A claimant, who was allegedly assaulted by a psychiatric patient under the care of the defendant, State of New York, seeks to discover and inspect the assailant's hospital record as well as any incident reports involving attacks by that individual.
All medical information contained in these documents is privileged. (See, Moore v St. John's Episcopal Hosp., 89 A.D.2d 618.) However, claimant is entitled to all nonmedical data, particularly reports of similar violent behavior. (See, Homere v State of New York, 41 A.D.2d 797; Mayer v Albany Med. Center Hosp., 37 A.D.2d 1011.) The determination of what shall be disclosed must be made by the court after an in camera inspection. (Brier v State of New York, 95 A.D.2d 788.)
Pursuant to a stipulation defendant submitted the documents in question. Upon inspection, 13 pages were found to be illegible in whole or in part due to poor photo reproduction and defendant was directed to produce the originals or readable copies.
Defendant substantially complied with this order. The in camera inspection of the resubmitted pages has now been concluded. However, a copy of one of the subject pages, designated as 616, continues to be incomplete. Although it shows some
The confidentiality of the record in question is guaranteed by Mental Hygiene Law § 33.13. However, the statutory confidentiality that is so provided is not absolute and, in a proper case, has been required to yield to countervailing interests. (Matter of State of New York — Off. of Mental Retardation & Dev. Disabilities v Mastracci, 77 A.D.2d 473; Matter of Civil Serv. Employees Assn., 72 A.D.2d 526; see also, Matter of Camperlengo v Blum, 56 N.Y.2d 251.)
The physician-patient privilege also shields the document in question. (See, Matter of Warrington [State of New York], 303 N.Y. 129; CPLR 4504.) Nevertheless, it has been held that, as between persons in State mental institutions and their hospital physicians, any such privilege is limited by the applicable section of the Mental Hygiene Law relating to the confidentiality of records. (Scolavino v State of New York, 187 Misc. 253, 260, mod 271 App Div 618, affd 297 N.Y. 460.)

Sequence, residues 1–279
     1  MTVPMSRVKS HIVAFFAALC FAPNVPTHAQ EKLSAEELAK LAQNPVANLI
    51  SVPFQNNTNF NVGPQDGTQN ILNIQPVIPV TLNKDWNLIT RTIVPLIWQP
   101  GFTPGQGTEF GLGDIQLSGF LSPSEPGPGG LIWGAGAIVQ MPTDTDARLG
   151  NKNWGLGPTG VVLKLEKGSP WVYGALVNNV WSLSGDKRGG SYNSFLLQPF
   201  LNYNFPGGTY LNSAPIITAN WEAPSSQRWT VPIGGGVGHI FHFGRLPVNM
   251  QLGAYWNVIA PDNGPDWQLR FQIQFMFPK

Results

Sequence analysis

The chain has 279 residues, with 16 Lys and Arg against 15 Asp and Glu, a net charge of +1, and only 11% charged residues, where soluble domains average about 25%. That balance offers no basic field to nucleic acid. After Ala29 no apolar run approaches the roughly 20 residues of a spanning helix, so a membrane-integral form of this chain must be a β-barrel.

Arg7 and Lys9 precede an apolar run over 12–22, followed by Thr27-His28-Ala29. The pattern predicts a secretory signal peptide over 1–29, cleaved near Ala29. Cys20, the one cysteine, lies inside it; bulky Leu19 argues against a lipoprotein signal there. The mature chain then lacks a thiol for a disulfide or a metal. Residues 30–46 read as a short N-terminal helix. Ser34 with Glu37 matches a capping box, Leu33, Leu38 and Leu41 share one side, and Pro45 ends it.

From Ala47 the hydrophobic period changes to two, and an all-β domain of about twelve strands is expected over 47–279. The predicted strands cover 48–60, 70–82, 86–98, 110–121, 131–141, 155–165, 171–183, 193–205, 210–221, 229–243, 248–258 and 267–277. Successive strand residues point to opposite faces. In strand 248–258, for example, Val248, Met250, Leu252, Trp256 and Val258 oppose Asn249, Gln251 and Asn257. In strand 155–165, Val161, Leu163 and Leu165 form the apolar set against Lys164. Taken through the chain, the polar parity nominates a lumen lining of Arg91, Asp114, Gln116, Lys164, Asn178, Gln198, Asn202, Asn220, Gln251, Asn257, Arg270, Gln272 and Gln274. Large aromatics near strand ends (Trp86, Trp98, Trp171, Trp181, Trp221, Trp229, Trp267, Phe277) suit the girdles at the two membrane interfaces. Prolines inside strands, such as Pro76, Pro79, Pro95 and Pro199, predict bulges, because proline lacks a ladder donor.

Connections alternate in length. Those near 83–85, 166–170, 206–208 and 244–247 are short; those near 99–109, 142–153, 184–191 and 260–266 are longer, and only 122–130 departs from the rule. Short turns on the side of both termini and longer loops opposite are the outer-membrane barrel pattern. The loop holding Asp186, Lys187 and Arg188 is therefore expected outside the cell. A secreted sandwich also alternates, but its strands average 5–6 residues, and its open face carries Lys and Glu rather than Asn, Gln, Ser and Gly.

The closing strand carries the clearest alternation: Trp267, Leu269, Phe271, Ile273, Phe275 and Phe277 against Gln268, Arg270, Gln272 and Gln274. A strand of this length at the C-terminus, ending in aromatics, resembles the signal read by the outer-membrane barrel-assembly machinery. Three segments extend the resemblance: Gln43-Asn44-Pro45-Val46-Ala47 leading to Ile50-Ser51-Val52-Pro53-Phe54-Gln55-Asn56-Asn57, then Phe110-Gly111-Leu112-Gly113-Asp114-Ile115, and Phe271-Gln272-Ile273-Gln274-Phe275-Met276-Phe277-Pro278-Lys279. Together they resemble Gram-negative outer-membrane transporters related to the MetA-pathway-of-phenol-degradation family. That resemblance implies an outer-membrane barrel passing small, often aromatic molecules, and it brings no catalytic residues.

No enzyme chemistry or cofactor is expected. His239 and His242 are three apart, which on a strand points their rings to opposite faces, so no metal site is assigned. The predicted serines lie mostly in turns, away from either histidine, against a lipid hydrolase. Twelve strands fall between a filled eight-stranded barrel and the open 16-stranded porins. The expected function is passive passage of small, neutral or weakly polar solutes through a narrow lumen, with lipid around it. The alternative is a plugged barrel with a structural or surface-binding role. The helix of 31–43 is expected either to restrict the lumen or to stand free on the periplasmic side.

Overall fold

This court has the discretionary power to release this record under the authority of that law. Under a recent amendment to the statute, this power may be exercised where "the interests of justice significantly outweigh the need for confidentiality". (Mental Hygiene Law § 33.13 [c] , as amended by L 1984, ch 912; see also, Perry v Fiumano, 61 A.D.2d 512, 518-519.)
In this situation, the statutory strictures have been satisfied. An inequity has been created by the State's inability to produce a complete copy of the paper that was in its possession. We are called upon to make an in camera inspection of a partial record and to remedy this one-sidedness; fairness and justice dictate the disclosure of that portion of the page that the defendant has provided.